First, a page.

Parents

#1
I'm not sure if this is the right thread, sorry if it's wrong!

So I'm 17, soon to be 18. I'm hoping to get into college and then join the army but I'm going to see a recruiter just in case college doesn't work out.

My mum is taking it really well and thinks it will be good for me but my dad isn't taking it well at all.
I want to join the infantry, but because of this my dad thinks I'm pretty much going to die or something.
I know he's just worried but I was wondering how I can try and re-assure him that this is a good choice.
I also know I'm turning 18 soon and he'll have no say but I don't want to leave on bad terms with him.

Should I take him up to the careers office with me to talk to someone up there?
Or did can anyone else give me some advice from experience?

Thanks!!
 
#2
Just try to keep him on-side as best you can. I suspect for my mum it was the last thing she wanted for me, but eventually she realised it was what I really wanted and learned to live with it.

By the way, my youngest grandchild is older than you, so feel free to either take this post as the ramblings of an old geezer or as someone who has been there and done it - although my recruiter talked me out of infantry based on my test scores.
 
#3
I can't help with the right advice, but I'm curious about one aspect. Does your dad have first hand experience of military service, or knows someone who has?

Just curious about why he has the particular opinion of the Army - I'm not trying to start an argument.
 
#4
See your inbox.
 
#5
If you are that determined to join up, follow it through. your father has your best interests at heart, as does your mother, its a hard thing for parents to admit that their lad is all grown up, and making decisions that were their prerogative. As in all jobs there are dangers, the military has the most, as in that you have more than a fair chance at being shot at, it goes with the job. My generation of soldiers ( Cold War) had Ireland, FI. Belize & West Germany to contend with. Todays soldiers have all the middle east and Afghanistan, a far greater chance of getting hurt. You will not regret being a soldier, you will see and do things that any civvie would envy. go for it.
 
#7
Do what you think is best,listen to your Dad. Ask him why he is against you enlisting,then explain your reason if you do enlist. I cant say of todays recruiters but in my day young lads ( mainly Junior potential Soldiers) had their parent/s at the ACIO with them.
Then like me and plenty of others had no one with them or had anyone who objected to them enlisting because they came from the care system. Your lucky you have a parent/s who are worried,but at the end of the day its your choice and a choice only you make.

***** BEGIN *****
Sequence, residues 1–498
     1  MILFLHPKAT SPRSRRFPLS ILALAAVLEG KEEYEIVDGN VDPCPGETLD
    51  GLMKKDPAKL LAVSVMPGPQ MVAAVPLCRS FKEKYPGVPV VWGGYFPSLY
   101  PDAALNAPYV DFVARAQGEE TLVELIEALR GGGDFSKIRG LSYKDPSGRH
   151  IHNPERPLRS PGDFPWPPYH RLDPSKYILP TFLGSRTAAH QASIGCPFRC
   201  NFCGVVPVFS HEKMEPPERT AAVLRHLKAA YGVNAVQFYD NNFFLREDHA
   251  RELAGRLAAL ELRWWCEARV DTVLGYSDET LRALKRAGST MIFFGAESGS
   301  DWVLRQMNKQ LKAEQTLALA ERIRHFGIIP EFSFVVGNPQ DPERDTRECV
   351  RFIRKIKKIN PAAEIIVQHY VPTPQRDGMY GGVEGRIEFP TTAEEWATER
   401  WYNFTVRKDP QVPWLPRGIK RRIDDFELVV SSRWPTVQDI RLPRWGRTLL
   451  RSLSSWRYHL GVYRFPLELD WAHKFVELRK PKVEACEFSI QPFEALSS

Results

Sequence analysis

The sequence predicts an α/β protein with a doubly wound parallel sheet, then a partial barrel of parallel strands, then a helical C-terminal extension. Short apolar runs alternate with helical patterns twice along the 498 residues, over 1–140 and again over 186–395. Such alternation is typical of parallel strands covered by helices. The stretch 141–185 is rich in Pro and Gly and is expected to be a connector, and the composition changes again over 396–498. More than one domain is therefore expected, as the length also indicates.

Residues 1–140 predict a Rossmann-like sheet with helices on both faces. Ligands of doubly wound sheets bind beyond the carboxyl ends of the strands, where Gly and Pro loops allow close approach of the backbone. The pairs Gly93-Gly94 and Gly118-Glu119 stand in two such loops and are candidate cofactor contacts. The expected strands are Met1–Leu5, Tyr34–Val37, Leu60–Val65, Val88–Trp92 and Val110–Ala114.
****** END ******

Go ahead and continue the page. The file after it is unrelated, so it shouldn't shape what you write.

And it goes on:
My advice for what it is worth..... Do it as it could be the best decision you ever make. If you do enlist remember basic training is exactly that 'Basic Training' what comes after could be again another fantastic experience you will never regret or forget. All I know is that it was for me and even today I am greatful to the British Army and I still meet up with mates from wayback when I was a scared,underweight kid.

Good luck in whatever 'you' decide
 
#8
I can't help with the right advice, but I'm curious about one aspect. Does your dad have first hand experience of military service, or knows someone who has?

Just curious about why he has the particular opinion of the Army - I'm not trying to start an argument.
No, not him or anyone in my family were in the army. Perhaps if he was he'd be more supportive.
I think his opinion if the army comes about from watching documentaries like the two by Chris terrill as well as young soldiers from BBC
 
#9
No, not him or anyone in my family were in the army. Perhaps if he was he'd be more supportive.
I think his opinion if the army comes about from watching documentaries like the two by Chris terrill as well as young soldiers from BBC
That's a fair reply. Thank you.

I think the advice above regarding your Dad attending a recruiting office with you is sound. The recruiters are probably very different to the ones I encountered in the 70's, and may now be better trained and equipped to explain what Army life is like to both yourself and your parents.

Best of luck!
 
#10
I actually prefer it when Teenagers do come in with their parents so we can answer all the awkward questions, having been on both sides as a Recruiter and having a son who served I do know what parents want to ask. I even don't mind if parents or spouses come in with older applicants either...remember you will always be your parents little son/daughter even when your in your fifties...it is a parents RIGHT to want the best and worry about you through your life. Come into the ACC with your parents.
 

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